Thursday, June 9, 2011

Pushing the Boundaries a Tad Too Far

I have no idea what I intended to do, except I felt compelled to weave a length of wool that could be stiffened to stand on its own when turned into a cylinder.  And considering how quickly I put it to practice, I must congratulate myself on my rare spontaneity.  Other than that, I have these two hideously ugly wool... things in 12+ colors.
Thinking back, what I had in mind was a stiff wool tube, straight at the bottom, (which would have been the right selvedge) but jagged at the top like a mountain ridge line, (created by varying how far to the left each pick would travel,) standing on its own.  I had Grand Canyon in mind, but not exactly replicating the images.  Once I got started on my rigid heddle, (first time weaving on it since 1998-ish), I forgot about the jagged left side and concentrated on the color interaction.

I used around 12-15 balls of yarns, and some variegated, so there are a fair number of color combinations.  Because I wanted the cloth to almost felt in the wet finish, I included a lot of handspuns, but as I didn't have many in dark colors, I ended up mixing a fair amount of light naturals.  I discovered I don't like anywhere near an even distribution of values, but prefer in the first instance darker values with a little bit of intentional light spots, and in the second, mid-to-light values with darker values containing/governing the light, as in grids or strips. 

What took me by surprise was how completely I hated this kind of unstructured weaving; so much so I felt sick by the time I cut off the first piece.  As regards weaving, I really do prefer the tightly controlled, structured environment where about the only thing I do spontaneously would be to decide on the warp/weft colors as I make warp/weave. I might have been happier cutting up paper or mixing paint.  At least I never expected a physical reaction.

With these pieces, I need to look closely at the colors, probably with L-shapes, because I know there are interesting bits in the mix.  While I wove, for example, I noticed how one particularly unattractive Azuki Bean brown changed hues in the company of purples as opposed to oranges, and that was around midnight last night, so in the daylight it would be a different story again.  As well, when these dry completely, (they just came out of the dryer,) the values may lighten up a bit.  I would still like to see if I can cut the edge on one side to create the mountain ridge line.  

Otherwise, yuck, yuck, yuck for now.

6 comments:

  1. You have to overstep the boundaries occasionally, otherwise you'll never know where they are!

    That being said, I really like the colours you've got going on in the flat piece.

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  2. Yes, I got so used to pushing the boundaries in various design and drawing courses I don't worry about them too much any more, but boy, this was a hideous one. I didn't enjoy the experience at all.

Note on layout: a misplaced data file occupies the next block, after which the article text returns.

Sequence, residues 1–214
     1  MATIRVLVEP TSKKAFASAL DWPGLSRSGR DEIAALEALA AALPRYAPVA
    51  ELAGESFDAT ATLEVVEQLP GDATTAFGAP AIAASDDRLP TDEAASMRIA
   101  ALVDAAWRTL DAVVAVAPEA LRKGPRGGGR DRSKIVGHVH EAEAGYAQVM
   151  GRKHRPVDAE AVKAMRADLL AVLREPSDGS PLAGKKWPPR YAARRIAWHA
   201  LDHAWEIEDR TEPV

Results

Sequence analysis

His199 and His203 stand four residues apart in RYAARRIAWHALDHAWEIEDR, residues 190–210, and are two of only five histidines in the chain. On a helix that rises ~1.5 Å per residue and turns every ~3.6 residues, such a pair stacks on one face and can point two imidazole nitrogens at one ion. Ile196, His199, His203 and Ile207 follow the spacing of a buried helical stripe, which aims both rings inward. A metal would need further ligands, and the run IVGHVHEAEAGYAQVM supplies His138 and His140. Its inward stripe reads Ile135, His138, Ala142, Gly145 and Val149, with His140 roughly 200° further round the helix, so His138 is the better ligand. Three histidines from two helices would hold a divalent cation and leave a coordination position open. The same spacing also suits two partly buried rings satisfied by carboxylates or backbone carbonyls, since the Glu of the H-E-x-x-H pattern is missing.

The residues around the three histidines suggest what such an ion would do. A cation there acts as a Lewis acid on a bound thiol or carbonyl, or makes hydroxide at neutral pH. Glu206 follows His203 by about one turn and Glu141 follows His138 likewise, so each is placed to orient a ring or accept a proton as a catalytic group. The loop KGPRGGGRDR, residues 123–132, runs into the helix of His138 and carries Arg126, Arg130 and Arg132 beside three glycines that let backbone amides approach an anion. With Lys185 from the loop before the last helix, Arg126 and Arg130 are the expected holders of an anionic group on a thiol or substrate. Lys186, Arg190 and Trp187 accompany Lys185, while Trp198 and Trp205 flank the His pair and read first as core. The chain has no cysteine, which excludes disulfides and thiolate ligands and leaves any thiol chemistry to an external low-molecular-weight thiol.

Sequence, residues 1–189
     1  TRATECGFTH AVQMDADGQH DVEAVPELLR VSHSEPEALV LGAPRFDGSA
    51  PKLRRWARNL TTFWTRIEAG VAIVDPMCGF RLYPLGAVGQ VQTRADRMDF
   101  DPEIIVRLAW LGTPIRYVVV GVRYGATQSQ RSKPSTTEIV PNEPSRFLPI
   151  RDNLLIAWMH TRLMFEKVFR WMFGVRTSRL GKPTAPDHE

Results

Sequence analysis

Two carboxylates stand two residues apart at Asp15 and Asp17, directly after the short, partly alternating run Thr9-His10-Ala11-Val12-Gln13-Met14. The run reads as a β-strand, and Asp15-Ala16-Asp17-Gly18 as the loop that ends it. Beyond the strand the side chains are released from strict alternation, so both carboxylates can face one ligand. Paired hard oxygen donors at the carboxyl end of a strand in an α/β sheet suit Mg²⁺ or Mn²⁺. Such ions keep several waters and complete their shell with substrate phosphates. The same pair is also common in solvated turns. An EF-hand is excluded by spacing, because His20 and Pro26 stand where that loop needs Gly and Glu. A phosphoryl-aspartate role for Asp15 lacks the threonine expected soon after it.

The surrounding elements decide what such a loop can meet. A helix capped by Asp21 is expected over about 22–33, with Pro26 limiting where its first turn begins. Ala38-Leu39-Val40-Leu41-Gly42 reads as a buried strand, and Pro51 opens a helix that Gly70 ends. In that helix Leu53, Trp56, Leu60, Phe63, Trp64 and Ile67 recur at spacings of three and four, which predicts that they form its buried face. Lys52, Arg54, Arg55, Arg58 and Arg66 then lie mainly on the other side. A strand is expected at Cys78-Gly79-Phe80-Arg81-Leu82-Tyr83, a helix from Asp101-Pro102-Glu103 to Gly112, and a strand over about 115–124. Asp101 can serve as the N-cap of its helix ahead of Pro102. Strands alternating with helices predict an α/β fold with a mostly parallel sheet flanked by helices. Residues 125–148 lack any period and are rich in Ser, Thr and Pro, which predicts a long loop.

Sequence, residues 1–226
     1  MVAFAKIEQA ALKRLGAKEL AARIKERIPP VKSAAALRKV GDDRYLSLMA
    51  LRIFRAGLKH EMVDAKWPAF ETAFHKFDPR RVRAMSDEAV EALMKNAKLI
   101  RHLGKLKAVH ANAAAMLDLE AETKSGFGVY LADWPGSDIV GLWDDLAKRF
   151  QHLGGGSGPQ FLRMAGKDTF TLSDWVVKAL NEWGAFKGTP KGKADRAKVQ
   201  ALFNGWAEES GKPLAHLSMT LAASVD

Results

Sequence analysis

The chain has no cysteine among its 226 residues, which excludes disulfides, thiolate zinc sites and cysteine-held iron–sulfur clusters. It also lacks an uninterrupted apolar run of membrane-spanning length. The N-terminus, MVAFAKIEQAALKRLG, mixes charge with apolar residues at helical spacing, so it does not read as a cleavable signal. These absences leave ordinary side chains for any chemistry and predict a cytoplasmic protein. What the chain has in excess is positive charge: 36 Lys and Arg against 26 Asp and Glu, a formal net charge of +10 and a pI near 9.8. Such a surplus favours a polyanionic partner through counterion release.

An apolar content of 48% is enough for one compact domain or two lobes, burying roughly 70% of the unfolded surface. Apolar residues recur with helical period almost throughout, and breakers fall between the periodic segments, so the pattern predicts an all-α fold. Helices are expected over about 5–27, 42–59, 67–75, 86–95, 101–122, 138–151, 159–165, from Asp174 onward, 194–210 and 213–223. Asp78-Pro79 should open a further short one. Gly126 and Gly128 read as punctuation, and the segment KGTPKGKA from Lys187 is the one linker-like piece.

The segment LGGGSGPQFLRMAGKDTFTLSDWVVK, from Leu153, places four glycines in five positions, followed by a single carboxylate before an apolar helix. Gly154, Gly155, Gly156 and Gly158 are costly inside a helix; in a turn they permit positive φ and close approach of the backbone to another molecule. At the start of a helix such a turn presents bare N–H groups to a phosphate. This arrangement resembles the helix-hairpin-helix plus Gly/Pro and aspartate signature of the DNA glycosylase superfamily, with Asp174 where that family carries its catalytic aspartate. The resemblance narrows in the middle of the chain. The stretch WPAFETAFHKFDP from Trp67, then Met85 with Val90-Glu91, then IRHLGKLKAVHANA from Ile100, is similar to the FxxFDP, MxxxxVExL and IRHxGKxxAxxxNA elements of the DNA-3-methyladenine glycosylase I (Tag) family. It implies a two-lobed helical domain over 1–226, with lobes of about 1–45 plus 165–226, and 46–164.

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  3. Is the weave stiff enough, or will you use starch or glue or something to make it rigid?

    It's an interesting idea, good to explore different things, even if only to return to the familiar with a sigh of relief..

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  4. I had thought the weave would be stiff enough, but after wet-finishing, in a rather harsh way that included me stomping on them, dunking them in the hottest and coldest tap water, and spinning them in the wash machine, they are not stiff. Though when made into smallish cylinders, they might stand up. I'm also considering perhaps folding/cutting several pieces, layering them and maybe stitching them together to give it some thickness.

    I wove this at night, and during the daytime, the colors aren't as subtle or attractive as I had expected, so I'm a little disappointed in that respect, too. But they can't be used for anything practical, so I'm determined to do something.

    I have thought of starch/glue option; they will remain on the "possible" list, but I don't want to change the appearance of the fuzzy wool cloth, so if I can do this mechanically, that would be my first choice.

    Suffice it to say, Dot, I have enough to experiment with.

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  5. You should be able to get some good sturdiness from stitching layers together, particularly if you have them already shaped into a curve when you do it. (So, the inner piece is actually a different size to the outer piece, if that makes sense). I've done that with regular craft felt with a reasonable amount of success before.

    And if that doesn't work you could probably cheat by getting some buckram or canvas to sandwich between the layers, to make it even sturdier.

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  6. Ah, didn't think of a canvas sandwich, Sonya. If all else fails...

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